‘Happy days’: Victim reacts to axe attack verdict
EVIE Amati, the transgender woman who attacked overnight customers in a suburban 7-Eleven with an axe has been found guilty of wounding with intent to murder in a unanimous verdict by a jury.
Amati, now aged 26, was found guilty of three charges after a five week trial in the NSW District Court.
She had pleaded not guilty saying she was suffering mental illness while committing the attacks.
But a jury did not believe her and found her guilty on two charges of wounding with intent to murder and wounding with intent to murder against two store customers and attempting to wound a pedestrian with intent to murder him.
After the verdict was read out, Amati threw herself over the dock and sobbed. She will be sentenced in September.
Amati, her long hair drawn back into a bun, looked downcast as she sat in the dock after the jury read out its unanimous verdict.
After the jury left the courtroom she put her head in a tissue and wept silently.
She wore plain prison greens, in contrast to the patterned tops and jacket during the trial.
Her mother sat impassively in the court as the verdicts were pronounced.
The attacks by Amati, two of which were caught on a violent CCTV footage, took place after 2am in the inner west Sydney suburb of Enmore, on January 7 last year.
One of Amati's victims, Sharon Hacker told news.com au she was "happy" about the guilty verdict.
"Happy dance," Ms Hacker said, "I can't help but feel happy. It gives us all closure."
Ms Hacker has continuing nerve pain and psychosocial problems following the attack and that she had tried to protect her daughter from coverage of the incident.
"But she's 21 and with [the CCTV video of the attack on Ms Hacker] it's all over the place."
Ms Hacker said she had lost 25kg since the attack and had problems with her neck.
The trial, before Judge Mark Williams, heard evidence from three alleged victims, Ben Rimmer, Sharon Hacker and Shane Redwood.
Police, ambulance officers and doctors have also given testimony to the trial.
Ms Amati's barrister Charles Waterstreet told the trial on its first day that Ms Amati was on a cocktail of drugs and had "lost her mind".
He said, "The CCTV captures the body of Ms Amati, there is no doubt. The question you have to decide is where was her mind?"
Amati took the stand during the trial and gave evidence that she was high on drugs on the night of the attack and heard a voice telling her to "kill and maim" and "start the rise of hell on earth".
Amati said she started hearing "inaudible whispers" as she walked home, smoked two joints on the balcony to "anaesthetise" herself, rocked back-and-forth and listened to her favourite song - Flatline by US metal band Periphery.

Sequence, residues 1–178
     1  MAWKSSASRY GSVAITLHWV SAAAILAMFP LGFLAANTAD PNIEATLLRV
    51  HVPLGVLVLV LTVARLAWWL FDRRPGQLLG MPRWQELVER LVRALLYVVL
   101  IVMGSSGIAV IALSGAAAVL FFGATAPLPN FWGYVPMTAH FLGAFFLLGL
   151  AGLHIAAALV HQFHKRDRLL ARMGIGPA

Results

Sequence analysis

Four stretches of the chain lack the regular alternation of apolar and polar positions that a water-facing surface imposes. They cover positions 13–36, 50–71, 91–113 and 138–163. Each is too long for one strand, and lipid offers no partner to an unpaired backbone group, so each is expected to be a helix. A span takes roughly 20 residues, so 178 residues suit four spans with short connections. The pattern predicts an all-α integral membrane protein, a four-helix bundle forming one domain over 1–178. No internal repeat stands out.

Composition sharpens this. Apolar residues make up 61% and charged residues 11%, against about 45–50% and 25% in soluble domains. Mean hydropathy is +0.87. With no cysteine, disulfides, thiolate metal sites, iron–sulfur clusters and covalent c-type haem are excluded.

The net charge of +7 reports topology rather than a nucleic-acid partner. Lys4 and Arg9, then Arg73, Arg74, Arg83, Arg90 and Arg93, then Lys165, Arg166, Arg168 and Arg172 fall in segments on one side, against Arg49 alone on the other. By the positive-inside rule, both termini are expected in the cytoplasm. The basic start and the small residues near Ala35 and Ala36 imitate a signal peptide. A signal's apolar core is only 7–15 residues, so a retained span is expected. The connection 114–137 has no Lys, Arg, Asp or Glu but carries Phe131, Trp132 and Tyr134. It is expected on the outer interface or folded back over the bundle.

"I just wanted someone to come and stroke my head and tell me that everything would be OK," Amati said.
"I only really had one more memory … that voice that had been telling me to kill and maim, and inflict pain on people and start the rise of hell on earth.
"I recall everything going quiet and feeling that voice come inside and I remember that smile, the smile that was not mine, a sinister smile that plastered my face that I couldn't control and then I black(ed) out."
But Crown prosector Daniel McMahon told the trial that Amati had lashed out with an axe after becoming angry because of a romantic rejection because she was transgender on the night of the incident.
Amati attacked Ben Rimmer, who was buying a pie after a night out with friends, then Sharon Hacker, who was buying a carton of milk.
Mr McMahon played the CCTV footage of the two store attacks and pointed out Amati appeared to have waited until Mr Rimmer was distracted before striking him in the face with the axe.
He also noted Ms Hacker was also attacked when she was not looking, and told Amati she had been feigning unconsciousness when found after the attack in a nearby courtyard.
Mr McMahon noted the axe was located standing up against the wall, near where she had apparently collapsed to the ground.
Amati denied she was angry, saying she had "experienced rejection countless times before".
She said that from late 2016, she'd had violent hallucinations involving an axe she had just bought and saw visions of herself running at police with it and being shot dead.